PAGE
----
Following the fall of France, in July 1940, the Chamberlain cabinet, in one of its last acts, created the Special Operations Executive, (SOE). Independent of other British Intelligence Service, its charter was suitably unique : two foster sabotage activity in axis-occupied countries. Two offices in the War Office and one in the Foreign Office had been studying the subject since 1938, and they combined to form SOE. Although SOE ran intelligence circuits, it was independent of the Secret (or Special) Intelligence Service, (SIS), which today is known as MI6.

In similar fashion, the Special Air Service Regiment remained independent of the SOE and the SIS. David Stirling who created the SAS in 1941, summarized his organization’s purpose as follows : … firstly, raids in depth behind the enemy lines, attacking Headquarters nerve centers, landing grounds, supply lines and so on; and, secondly, the mounting of sustained strategic offensive activity from secret bases within hostile territory and, if the opportunity existed, recruiting, training, arming and coordinating local guerrilla elements.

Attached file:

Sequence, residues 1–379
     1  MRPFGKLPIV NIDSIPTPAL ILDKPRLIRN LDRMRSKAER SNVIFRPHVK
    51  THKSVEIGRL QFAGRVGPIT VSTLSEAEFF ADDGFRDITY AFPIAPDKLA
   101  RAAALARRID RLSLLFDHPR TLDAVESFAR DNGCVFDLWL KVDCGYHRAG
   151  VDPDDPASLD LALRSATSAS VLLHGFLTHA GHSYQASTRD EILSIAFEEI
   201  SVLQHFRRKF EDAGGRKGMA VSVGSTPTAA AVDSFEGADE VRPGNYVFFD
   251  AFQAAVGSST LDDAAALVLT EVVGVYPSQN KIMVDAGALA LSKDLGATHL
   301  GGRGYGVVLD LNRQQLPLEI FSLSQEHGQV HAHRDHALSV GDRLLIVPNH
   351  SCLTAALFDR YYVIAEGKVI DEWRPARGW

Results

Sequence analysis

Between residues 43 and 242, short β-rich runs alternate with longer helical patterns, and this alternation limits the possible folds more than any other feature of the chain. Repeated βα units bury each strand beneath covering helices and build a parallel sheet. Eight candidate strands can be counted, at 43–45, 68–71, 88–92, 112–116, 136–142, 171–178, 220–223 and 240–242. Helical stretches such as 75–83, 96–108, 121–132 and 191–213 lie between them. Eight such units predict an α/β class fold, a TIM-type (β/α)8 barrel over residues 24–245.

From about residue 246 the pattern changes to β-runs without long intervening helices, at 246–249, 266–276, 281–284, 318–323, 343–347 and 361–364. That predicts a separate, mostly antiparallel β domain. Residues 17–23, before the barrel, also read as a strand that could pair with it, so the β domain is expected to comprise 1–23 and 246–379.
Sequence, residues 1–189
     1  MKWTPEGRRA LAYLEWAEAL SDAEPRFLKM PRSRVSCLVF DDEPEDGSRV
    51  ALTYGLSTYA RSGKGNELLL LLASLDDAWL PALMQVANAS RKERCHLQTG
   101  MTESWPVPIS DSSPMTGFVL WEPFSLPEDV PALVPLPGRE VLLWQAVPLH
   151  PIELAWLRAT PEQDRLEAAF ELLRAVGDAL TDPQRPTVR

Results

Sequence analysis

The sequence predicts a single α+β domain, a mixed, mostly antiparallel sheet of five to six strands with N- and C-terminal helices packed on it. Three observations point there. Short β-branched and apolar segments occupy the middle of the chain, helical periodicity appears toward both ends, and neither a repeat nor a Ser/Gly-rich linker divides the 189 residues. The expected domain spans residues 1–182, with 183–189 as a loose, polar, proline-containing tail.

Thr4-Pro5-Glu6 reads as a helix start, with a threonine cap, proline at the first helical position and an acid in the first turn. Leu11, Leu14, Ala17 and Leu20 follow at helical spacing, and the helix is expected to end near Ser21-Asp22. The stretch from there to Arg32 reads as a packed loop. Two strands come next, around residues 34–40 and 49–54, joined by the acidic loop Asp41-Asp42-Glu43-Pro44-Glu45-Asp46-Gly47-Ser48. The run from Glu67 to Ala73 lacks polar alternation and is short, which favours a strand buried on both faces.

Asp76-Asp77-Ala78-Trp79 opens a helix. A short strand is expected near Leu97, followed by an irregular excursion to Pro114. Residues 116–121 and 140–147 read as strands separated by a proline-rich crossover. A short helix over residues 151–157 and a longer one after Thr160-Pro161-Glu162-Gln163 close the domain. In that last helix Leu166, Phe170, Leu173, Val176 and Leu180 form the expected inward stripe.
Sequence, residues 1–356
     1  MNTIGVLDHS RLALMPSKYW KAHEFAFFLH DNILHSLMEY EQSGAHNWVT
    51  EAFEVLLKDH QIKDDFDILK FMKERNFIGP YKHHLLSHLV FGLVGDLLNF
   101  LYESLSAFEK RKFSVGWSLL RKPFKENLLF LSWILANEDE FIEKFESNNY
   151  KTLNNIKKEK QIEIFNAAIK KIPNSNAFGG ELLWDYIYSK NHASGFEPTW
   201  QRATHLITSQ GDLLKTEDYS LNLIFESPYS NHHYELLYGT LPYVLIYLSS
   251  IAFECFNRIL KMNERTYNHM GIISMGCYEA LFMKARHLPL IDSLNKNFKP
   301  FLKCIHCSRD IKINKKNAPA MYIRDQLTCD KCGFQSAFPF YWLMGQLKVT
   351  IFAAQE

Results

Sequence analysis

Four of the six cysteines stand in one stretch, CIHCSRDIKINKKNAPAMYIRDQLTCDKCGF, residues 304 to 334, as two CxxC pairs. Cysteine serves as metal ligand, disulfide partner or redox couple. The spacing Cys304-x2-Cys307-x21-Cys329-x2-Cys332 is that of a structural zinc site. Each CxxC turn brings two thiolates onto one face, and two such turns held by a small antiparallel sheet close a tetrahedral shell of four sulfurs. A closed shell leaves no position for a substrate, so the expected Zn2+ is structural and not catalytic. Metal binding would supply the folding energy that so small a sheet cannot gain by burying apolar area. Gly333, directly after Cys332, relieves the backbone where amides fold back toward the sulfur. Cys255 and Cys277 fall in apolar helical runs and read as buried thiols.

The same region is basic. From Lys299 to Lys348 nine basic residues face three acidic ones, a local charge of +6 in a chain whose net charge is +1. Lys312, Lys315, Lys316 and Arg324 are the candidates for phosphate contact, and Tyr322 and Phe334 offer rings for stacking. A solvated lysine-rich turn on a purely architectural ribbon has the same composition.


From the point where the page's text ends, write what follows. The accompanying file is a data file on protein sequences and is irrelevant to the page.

The United States approached World War II without a strategic intelligence organization. It first created the Committee of Information, a conspicuous failure that soon became the Office of Strategic Services (OSS). Its director, William ‘Wild Bill’ Donovan, allowed it to duplicate the functions and methods of the British Intelligence Organizations, to which it was closely tied. But whereas the British effort was marked by independent competing organs, Donovan attempted to unify the many facets of the secret world in his neophyte OSS.